Sam Ross and Michael McIlroy, two veterans of Milk & Honey, took over the bar’s intimate old space to open Attaboy. While they don’t keep the reservations-only system, the bar still focuses on crafting bespoke cocktails for its guests. Give them your spirit of choice and the flavor profile you desire and the attentive bartenders will create something just for you while slipping in a surprising twist here and there. On the weekends, line forms outside so come early to grab a seat.
One of the newest cocktail hot spots in New York, Suffolk Arms was opened by Giuseppe Gonzalez, a third-generation bartender who’s worked at some of the city’s best bars including Pegu Club, PKNY, Flatiron Lounge, and Dutch Kills. He opened the bar with the friend, Ruben Rodriguez, owner of Havana Café in the Bronx. The cocktail menu includes 11 signature drinks that “stretch the boundaries of mixological creativity” including The Tough Room, consisting of a Guinness with a Whiskey Sour float along with vodka cocktails meant to be “thought bombs” to disprove the bad rap that vodka drinks have. Chef Alex Garcia is in charge of the kitchen churning out classic American fare and nods to the ethnic cuisines found in the Lower East Side neighborhood.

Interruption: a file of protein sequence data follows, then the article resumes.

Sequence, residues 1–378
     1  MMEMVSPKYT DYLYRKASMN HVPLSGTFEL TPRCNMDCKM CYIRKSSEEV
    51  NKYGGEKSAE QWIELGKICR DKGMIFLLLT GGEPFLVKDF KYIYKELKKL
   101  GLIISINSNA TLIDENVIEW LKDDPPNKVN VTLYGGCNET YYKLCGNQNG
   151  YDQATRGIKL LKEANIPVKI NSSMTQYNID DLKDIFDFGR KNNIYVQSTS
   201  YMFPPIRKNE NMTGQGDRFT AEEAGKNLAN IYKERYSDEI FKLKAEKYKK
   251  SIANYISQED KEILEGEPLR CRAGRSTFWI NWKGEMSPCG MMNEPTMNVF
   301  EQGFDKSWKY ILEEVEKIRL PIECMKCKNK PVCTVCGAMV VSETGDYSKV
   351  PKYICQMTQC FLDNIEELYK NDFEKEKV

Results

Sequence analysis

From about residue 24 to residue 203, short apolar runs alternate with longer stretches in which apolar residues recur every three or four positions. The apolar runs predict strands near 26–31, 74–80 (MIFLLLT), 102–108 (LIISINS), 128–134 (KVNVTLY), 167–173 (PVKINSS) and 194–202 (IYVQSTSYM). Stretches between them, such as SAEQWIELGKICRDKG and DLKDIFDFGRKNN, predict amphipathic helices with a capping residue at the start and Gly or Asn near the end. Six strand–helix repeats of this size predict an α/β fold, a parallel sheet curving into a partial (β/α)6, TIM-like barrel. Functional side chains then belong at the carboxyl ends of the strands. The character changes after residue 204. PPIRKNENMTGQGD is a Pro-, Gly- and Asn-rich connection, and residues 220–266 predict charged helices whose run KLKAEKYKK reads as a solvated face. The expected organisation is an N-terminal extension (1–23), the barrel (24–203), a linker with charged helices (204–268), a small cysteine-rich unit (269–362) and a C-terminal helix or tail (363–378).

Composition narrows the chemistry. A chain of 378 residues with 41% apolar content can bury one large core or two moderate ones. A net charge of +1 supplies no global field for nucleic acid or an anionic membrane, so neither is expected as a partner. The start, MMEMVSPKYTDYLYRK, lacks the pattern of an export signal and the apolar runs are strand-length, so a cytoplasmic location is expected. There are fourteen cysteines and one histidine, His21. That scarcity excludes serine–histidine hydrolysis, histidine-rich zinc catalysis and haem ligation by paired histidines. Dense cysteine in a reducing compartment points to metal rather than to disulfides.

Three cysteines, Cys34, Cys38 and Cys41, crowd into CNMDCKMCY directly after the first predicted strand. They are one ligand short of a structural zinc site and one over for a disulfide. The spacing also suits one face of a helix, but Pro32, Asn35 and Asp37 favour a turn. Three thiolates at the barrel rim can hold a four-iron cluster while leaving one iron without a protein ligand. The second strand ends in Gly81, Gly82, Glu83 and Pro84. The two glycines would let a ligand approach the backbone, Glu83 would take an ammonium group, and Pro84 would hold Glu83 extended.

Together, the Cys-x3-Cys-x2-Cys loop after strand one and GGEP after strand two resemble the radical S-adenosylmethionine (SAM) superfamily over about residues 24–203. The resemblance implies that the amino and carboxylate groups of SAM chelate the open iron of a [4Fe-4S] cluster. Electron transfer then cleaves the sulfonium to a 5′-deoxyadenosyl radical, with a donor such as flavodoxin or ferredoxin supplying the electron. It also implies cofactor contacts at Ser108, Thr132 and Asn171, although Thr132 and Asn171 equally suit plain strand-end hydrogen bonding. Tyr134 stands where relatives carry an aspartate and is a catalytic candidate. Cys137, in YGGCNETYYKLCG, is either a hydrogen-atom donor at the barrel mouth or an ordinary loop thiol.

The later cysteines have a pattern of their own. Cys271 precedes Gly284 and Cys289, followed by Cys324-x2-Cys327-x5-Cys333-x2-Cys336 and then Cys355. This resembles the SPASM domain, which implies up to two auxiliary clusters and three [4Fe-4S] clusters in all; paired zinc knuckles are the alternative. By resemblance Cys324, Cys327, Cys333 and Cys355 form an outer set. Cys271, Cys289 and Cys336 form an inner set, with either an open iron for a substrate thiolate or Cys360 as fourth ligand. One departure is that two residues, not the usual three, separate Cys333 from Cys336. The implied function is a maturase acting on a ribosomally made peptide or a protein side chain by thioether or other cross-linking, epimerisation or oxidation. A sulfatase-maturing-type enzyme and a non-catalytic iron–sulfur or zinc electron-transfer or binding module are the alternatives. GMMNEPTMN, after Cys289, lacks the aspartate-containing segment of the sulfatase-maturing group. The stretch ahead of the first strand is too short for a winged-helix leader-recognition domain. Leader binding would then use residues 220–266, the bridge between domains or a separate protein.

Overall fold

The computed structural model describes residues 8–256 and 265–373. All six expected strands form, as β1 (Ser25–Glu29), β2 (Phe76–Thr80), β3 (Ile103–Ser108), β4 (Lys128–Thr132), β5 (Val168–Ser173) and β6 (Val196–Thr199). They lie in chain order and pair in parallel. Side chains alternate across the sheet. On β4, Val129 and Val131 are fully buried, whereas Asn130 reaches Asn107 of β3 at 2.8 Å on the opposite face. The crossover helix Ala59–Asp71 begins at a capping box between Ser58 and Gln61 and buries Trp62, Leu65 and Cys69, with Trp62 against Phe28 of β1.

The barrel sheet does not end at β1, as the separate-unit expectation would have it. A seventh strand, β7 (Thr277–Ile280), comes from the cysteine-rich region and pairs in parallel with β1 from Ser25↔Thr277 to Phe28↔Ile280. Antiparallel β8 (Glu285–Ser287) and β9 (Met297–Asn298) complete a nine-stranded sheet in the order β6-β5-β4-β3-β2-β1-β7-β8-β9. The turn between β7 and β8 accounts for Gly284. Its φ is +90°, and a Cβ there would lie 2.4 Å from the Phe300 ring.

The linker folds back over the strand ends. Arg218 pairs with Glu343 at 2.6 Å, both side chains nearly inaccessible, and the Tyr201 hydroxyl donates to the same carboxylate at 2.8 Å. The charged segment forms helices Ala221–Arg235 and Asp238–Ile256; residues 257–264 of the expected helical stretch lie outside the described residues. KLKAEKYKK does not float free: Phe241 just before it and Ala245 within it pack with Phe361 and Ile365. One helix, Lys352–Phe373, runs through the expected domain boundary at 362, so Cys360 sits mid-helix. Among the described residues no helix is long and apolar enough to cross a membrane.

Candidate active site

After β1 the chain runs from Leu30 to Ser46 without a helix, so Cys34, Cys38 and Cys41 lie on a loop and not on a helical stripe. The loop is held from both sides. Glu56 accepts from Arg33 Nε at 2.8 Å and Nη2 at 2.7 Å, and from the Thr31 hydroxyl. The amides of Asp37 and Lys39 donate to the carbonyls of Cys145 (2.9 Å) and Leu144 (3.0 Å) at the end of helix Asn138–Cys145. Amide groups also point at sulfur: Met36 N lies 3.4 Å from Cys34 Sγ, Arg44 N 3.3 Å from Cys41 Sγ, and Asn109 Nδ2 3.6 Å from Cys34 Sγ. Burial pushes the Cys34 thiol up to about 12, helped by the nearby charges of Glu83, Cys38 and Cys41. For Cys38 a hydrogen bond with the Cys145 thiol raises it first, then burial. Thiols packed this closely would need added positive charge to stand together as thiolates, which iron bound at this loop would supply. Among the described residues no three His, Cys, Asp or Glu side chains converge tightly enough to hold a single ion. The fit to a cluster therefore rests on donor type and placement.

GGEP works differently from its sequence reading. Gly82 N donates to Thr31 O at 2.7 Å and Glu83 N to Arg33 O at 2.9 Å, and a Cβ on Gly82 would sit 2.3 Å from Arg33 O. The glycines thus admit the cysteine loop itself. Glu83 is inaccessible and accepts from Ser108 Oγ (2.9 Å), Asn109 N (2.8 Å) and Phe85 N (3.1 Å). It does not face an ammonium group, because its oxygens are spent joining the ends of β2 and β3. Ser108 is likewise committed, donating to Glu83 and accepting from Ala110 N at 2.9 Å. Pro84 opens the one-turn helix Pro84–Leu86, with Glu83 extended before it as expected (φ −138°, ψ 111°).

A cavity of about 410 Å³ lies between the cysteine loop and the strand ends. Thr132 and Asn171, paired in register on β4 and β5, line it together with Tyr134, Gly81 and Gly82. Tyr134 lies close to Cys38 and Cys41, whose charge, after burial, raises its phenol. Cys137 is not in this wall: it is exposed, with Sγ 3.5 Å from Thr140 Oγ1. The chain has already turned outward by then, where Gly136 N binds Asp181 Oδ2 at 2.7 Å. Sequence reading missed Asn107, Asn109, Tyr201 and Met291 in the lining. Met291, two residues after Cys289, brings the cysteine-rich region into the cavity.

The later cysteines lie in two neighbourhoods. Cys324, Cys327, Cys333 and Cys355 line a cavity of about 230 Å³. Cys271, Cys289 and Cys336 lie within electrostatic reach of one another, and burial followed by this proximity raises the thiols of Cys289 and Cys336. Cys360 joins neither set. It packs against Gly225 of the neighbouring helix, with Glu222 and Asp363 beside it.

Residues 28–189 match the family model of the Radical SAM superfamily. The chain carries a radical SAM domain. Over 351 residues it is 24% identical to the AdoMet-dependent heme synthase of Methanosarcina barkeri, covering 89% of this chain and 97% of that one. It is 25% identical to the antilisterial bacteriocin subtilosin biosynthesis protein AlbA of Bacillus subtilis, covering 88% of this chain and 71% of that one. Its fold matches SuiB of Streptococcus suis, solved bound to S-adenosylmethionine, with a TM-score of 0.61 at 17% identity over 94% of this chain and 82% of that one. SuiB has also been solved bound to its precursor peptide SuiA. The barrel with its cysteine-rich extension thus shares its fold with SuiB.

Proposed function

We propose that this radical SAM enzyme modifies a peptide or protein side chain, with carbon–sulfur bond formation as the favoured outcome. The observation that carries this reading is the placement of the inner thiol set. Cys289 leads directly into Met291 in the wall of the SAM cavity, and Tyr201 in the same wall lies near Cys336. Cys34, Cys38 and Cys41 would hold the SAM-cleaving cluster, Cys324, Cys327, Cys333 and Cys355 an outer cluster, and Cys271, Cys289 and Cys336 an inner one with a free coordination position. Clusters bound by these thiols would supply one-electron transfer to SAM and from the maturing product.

Aviary NYC and The Office NYC
The Aviary from Chicago’s Alinea group is known to be one of the best cocktail bars in the world, and the New York outpost is located on the 35th floor of the Mandarin Oriental, complete with a view of Central Park. Expect the same innovative, impeccable cocktails served in custom-made vessels as the Chicago bar. Much like the Chicago counterpart, The Office is an intimate bar with a classic speakeasy vibe serving food and cocktails a la carte, juxtaposing The Aviary’s experimental menu with a nod to classic drinks and the past. The menu is geared towards a luxurious experience, including a whole section devoted to cocktails made with rare spirits that may go up to $500 an ounce.
This speakeasy in the East Village is still, and will long continue to be, a worthy cocktail destination and one of the coolest secret bars. Guests with reservations sneak through the vintage phone booth inside Crif Dogs to sip cocktails from Jim Meehan and his team on old school leather booths. PDT has topped the list of World’s 50 Best Bars and Jim Meehan has been named American Bartender of the Year. That speaks volumes and you know you’re in for some of the best cocktails in the country including their signature bacon-infused bourbon with maple syrup.
The Raines Law Room
The Raines Law Room recalls a true speakeasy with its candlelit space and intimate seating. Named after the law passed in the 1900s, which regulated alcohol consumption, the bar’s private tables leave guests to their own conversation but each is equipped with a buzzer for when you need a refill on your cocktail from the menu created by Meaghan Dorman.